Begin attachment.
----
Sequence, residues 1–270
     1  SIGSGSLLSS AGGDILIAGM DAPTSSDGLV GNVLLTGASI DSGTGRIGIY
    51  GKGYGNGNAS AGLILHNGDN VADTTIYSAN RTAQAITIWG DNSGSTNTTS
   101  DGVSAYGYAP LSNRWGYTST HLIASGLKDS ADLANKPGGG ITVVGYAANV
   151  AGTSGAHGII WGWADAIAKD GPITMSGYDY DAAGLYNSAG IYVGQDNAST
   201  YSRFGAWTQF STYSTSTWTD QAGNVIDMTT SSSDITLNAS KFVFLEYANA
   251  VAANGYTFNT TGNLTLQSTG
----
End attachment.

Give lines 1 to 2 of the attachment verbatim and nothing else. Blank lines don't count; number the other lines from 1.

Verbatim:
Sequence, residues 1–270
     1  SIGSGSLLSS AGGDILIAGM DAPTSSDGLV GNVLLTGASI DSGTGRIGIY